In the fast-paced world we live in, support workers who are qualified to solve problems with computers and networks, along with giving regular solutions to users, are hugely valuable in every sector of the business environment. The need for larger numbers of skilled and qualified individuals is enhanced, as we become consistently more dependent upon computers in today’s environment.
If an advisor doesn’t ask many questions – the likelihood is they’re really a salesperson. If they push a particular product before understanding your background and current experience level, then you know you’re being sold to.
With a bit of live experience or base qualifications, it may be that your starting point of study is very different to someone completely new.
Opening with a foundation course first is often the best way to get up and running on your computer studies, but really depends on your level of familiarity with computers.
One fatal mistake that we encounter all too often is to concentrate on the course itself, rather than starting with the desired end-result. Schools are full of unaware students who chose a course based on what sounded good – instead of the program that would surely get them the career they desired.
Don’t be part of that group who set off on a track that sounds really ‘interesting’ and ‘fun’ – and end up with a certification for a job they hate.
Make sure you investigate your leanings around career development, earning potential, and how ambitious you are. It’s vital to know what (if any) sacrifices you’ll need to make for a particular role, which particular exams are needed and how to develop your experience.
It’s worth seeking guidance from an experienced person who can best explain the sector you’re hoping to qualify in, and is able to give you ‘A typical day in the life of’ type of explanation of what you actually do on the job. These things are absolutely essential because you need to know if you’re barking up the wrong tree.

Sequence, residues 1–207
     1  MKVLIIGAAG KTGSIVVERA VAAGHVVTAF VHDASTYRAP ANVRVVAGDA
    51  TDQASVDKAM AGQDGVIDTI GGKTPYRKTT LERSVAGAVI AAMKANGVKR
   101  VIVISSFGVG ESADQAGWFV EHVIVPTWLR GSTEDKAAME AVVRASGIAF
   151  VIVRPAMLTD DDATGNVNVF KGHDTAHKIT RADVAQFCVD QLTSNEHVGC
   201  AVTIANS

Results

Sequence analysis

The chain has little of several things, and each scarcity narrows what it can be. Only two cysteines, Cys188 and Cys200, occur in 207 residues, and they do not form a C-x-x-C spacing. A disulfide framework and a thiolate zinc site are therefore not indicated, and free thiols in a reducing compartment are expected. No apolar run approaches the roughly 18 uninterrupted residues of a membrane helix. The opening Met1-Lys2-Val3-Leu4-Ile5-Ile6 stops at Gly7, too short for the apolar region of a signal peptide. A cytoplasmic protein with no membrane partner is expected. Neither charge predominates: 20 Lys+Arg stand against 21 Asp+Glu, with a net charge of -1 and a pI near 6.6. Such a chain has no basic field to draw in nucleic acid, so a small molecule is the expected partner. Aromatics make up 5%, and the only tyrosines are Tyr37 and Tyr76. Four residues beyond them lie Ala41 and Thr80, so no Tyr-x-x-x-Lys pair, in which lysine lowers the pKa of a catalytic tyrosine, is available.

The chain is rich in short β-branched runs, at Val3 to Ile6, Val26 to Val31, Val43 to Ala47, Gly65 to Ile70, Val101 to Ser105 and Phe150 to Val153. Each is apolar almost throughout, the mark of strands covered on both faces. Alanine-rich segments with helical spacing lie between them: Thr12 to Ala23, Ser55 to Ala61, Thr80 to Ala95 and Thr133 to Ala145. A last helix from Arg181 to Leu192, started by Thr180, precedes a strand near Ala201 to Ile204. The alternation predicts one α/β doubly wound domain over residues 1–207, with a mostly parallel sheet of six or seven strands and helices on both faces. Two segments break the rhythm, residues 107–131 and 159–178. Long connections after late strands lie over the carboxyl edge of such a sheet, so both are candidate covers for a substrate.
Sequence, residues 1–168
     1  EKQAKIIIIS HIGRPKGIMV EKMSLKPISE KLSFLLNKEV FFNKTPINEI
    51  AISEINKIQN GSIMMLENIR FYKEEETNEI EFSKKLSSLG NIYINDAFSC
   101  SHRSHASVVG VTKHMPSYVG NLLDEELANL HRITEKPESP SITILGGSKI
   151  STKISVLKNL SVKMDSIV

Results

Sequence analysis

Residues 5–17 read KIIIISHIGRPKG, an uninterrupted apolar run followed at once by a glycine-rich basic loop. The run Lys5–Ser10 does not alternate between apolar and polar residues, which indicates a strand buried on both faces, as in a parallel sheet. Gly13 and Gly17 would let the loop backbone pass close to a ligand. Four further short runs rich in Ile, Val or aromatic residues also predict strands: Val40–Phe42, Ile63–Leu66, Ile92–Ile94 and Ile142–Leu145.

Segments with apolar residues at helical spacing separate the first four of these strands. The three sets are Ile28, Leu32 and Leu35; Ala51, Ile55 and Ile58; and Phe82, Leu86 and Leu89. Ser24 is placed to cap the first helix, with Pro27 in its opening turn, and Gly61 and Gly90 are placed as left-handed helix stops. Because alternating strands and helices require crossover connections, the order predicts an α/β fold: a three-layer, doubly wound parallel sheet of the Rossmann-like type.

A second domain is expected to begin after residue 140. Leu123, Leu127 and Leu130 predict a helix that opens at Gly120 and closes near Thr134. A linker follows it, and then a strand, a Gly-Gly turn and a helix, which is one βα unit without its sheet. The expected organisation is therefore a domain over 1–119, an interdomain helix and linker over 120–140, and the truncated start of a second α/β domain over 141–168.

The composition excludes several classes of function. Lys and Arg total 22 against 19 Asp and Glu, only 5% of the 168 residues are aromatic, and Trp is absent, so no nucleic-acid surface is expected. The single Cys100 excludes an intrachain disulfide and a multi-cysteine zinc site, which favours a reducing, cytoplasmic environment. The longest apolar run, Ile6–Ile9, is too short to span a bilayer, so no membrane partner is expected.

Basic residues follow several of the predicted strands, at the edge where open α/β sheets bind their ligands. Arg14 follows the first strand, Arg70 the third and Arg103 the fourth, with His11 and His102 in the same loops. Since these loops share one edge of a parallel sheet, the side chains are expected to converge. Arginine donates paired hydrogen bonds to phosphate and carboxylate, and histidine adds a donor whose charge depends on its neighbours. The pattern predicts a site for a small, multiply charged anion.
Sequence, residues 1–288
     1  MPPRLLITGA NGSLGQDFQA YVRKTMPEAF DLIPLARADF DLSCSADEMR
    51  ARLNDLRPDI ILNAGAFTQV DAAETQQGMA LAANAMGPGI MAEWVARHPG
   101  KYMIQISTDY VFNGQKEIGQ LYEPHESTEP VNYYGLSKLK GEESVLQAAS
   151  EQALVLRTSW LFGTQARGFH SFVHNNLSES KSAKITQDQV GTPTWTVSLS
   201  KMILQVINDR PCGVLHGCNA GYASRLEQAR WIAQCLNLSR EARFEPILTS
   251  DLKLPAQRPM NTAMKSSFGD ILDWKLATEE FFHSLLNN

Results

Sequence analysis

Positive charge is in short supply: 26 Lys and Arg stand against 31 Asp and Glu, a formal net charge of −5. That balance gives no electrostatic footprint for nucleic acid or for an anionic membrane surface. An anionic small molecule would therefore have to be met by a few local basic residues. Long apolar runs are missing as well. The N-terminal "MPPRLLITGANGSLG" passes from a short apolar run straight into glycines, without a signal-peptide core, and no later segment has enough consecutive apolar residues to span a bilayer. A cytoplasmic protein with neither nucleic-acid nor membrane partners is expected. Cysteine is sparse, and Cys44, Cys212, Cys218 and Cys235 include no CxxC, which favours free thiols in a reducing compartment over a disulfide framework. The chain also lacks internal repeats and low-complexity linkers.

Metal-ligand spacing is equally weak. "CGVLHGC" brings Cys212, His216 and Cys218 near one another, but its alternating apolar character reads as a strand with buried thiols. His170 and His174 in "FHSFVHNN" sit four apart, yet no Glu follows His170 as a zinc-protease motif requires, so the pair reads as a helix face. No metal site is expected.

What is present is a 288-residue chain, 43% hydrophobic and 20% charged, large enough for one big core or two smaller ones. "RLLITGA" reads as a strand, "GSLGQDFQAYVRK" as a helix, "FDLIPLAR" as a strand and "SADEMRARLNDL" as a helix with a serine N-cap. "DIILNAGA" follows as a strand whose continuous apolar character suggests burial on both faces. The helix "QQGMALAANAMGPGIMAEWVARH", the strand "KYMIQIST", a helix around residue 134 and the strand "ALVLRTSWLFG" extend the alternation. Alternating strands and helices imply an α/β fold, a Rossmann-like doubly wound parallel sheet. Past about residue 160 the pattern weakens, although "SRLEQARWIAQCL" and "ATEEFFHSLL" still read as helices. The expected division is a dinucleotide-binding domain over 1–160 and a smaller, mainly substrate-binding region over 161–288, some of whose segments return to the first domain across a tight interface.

Does job security honestly exist anymore? In a marketplace like the UK, where business constantly changes its mind on a whim, it certainly appears not.
It’s possible though to discover market-level security, by probing for areas in high demand, coupled with work-skill shortages.
Investigating the Information Technology (IT) sector, the 2006 e-Skills study showed a twenty six percent skills deficit. Put simply, we can’t properly place more than just three out of every four jobs in IT.
Acquiring proper commercial Information Technology accreditation is thus a ‘Fast Track’ to a continuing and pleasing line of work.
Quite simply, acquiring professional IT skills throughout the next few years is probably the best career direction you could choose.
Most trainers typically provide a big box of books. Learning like this is dull and repetitive and not a very good way of remembering.
Years of research and study has consistently verified that becoming involved with our studies, to utilise all our senses, is far more likely to produce long-lasting memories.
Locate a program where you’ll receive a library of CD and DVD based materials – you’ll learn by watching video tutorials and demonstrations, and then have the opportunity to practice your skills in interactive lab’s.
It would be silly not to view some examples of the kind of training materials you’ll be using before you make your decision. Always insist on instructor demonstrations, video tutorials and interactive modules with audio-visual elements.
Avoid training that is purely online. Ideally, you should opt for CD and DVD ROM courseware where obtainable, enabling them to be used at your convenience – and not be totally reliant on your broadband being ‘up’ 100 percent of the time.